On the whole, Mosquito Empires is a well-crafted and clever book that will appeal to a very broad audience. McNeill has packaged it nicely for non-specialists. One of his greatest gifts is his ability to handle large and complex events, weaving them together in a very lucid and engaging narrative. His summaries of key social and political events are detailed without being overbearing. His presentations of such topics as Latin American revolutions are also concise and to the point. The same may be said for his discussion of the mechanics of yellow fever, malaria and the behavior of their mosquito carriers.

McNeill also relates his study nicely to present-day global issues. He ends his book by emphasizing continuity in the diseases’ political influence and warns of a potential return to their deadly capacity. McNeill’s work is thus confined neither to the Greater Caribbean nor to the distant past. One could easily read it in relation to some of the more recent scholarship on international development and disease. James Webb’s Humanity’s Burden: a Global History of Malaria (2008) and Randall Packard’s The Making of a Tropical Disease: a Short History of Malaria (2011) come to mind.

That said, the book is not without some major limitations. One is McNeill’s tendency to favor bold arguments and narrative over caveats and subtle attention to limitations in argument and methods. While this approach makes his book a very accessible and engaging read, it also makes some of his arguments and methods very controversial. Even though he insists that his work avoids the problem of determinism (p. 6), military historians and political historians will question the weight he assigns two very specific diseases in the course of major events like both the Haitian and American Revolutions. And while McNeill acknowledges the limits of relying on primary sources to recover evidence of mosquito-borne pathogens, he makes liberal use of those documents throughout the book without attending to the problem of genre, author, audience and actors’ categories. These are all factors that shape the reliability of sources.

As a materialist history of disease, Mosquito Empires is also not likely to appeal to readers interested in contemporaries’ experience with ecological change and warfare in the Caribbean. By exploring international conflict through the lens of mosquito-borne pathogens, McNeill sacrifices historical empathy with the humans who feature in his study. He has little interest in human actors beyond their ability to help or hinder the progress of disease. And he can be casual verging on dismissive when he does explicitly consider people’s perceptions.

His portrayal of medicine and disease control is a case in point. In the chapter on early modern medicine, McNeill does not guide readers through the logic of early modern practitioners. Rather, he invites readers to regard their efforts to fight disease “with amusement” and disdain (p. 63). And he goes out of his way to showcase the most outlandish of ideas and therapeutics rather than parse the norm. As a result, medical actors appear hapless and incapable of intelligent innovation until the end of the nineteenth century.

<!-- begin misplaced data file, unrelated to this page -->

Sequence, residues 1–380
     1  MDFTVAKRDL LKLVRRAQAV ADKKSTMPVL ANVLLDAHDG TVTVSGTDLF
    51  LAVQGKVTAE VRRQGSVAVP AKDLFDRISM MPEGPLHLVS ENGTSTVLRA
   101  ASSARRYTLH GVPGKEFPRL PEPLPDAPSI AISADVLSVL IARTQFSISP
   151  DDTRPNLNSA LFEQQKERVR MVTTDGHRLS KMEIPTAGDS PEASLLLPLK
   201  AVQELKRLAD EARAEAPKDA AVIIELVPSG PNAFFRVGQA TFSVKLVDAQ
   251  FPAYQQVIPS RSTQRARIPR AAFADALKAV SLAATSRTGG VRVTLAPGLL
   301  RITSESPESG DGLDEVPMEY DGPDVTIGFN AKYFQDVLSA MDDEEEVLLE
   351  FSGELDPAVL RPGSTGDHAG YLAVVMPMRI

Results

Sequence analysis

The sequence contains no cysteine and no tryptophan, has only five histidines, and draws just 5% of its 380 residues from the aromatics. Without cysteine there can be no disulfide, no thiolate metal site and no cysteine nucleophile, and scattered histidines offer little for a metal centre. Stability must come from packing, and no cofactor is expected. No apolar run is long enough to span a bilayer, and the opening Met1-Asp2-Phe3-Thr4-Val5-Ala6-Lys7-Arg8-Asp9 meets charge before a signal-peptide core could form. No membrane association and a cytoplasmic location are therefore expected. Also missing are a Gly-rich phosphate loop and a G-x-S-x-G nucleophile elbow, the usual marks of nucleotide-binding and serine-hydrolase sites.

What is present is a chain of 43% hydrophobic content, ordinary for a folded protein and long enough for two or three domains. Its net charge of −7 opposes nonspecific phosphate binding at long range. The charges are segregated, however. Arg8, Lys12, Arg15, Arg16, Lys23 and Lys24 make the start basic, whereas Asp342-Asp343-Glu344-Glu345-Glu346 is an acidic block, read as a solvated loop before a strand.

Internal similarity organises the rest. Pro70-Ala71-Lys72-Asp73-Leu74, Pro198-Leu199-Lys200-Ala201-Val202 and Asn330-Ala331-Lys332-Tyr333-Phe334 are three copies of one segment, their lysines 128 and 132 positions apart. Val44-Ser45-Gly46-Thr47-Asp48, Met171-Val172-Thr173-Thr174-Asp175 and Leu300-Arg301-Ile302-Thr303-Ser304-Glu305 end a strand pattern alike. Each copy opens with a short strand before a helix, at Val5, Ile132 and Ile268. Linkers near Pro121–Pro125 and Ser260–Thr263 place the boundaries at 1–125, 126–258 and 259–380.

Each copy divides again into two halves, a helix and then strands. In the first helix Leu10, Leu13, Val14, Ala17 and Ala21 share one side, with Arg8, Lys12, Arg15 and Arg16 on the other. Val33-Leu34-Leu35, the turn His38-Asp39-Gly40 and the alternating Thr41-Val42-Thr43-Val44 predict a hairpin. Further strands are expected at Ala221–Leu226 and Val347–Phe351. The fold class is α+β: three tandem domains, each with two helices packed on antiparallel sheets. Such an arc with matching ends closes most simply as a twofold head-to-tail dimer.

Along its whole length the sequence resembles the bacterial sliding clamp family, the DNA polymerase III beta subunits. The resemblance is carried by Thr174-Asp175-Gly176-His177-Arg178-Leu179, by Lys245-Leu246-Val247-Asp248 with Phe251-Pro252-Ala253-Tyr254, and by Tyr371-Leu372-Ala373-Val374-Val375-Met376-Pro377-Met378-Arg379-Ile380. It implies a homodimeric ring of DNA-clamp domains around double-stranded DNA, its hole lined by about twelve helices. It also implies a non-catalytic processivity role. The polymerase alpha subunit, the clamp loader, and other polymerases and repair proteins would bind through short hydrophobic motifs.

This interpretation may work for a strictly materialist study of ecology and warfare in the Greater Caribbean. However, it overshadows the very nuanced picture of innovation readers will find in very recent scholarship on science, medicine and international conflict in the Caribbean (none of which McNeill references). Europeans who fought yellow fever and malaria in the revolutionary Caribbean actually played an important role in reshaping Western medical practices and institutions. The high mortality from new diseases and large military hospitals created very novel opportunities for dissection, the creation of drug trials and new conceptions of disease pathology. Disease and warfare in the Caribbean also helped to stimulate the expansion of the British military medical corps in the early nineteenth century [2]. My point here is not to fault McNeill, only to point out the limits of his approach.

These limitations aside, Mosquito Empires is an innovative and important book. It assists an understanding of the intricacies of the history of the Americas. It raises a number of themes that could stimulate further research. It is, in sum, a “must read” that is sure to spark some necessary and lively debate about Caribbean history, American history and world environmental history.



[1] Alfred Crosby, The Columbian Exchange: Biological and Cultural Consequences of 1492 (Greenwood Publishing Group, 1972); Jared Diamond, Guns, Germs and Steel: the Fates of Human Society (W.W. Norton, 1998).

[2] For an extensive discussion of this, see Mark Harrison, Medicine in an Age of Commerce and Empire: Britain and Its Tropical Colonies, 1660-1830 (Oxford University Press, 2010).


CROSBY, A. W. (1972). The Columbian Exchange: Biological and Cultural Consequences of 1492. Westport, Conn, Greenwood Press.

DIAMOND, J. M. (1998). Guns, Germs, and Steel: the Fates of Human Societies. New York, W.W. Norton & Co.

HARRISON, M. (2010). Medicine in an Age of Commerce and Empire: Britain and Its Tropical Colonies, 1660-1830. Oxford, Oxford University Press.

PACKARD, R. M. (2007). The Making of a Tropical Disease: a Short History of Malaria. Baltimore, Md, Johns Hopkins University Press.

WEBB, J. L. A. (2009). Humanity’s Burden: a Global History of Malaria. Cambridge, Cambridge University Press.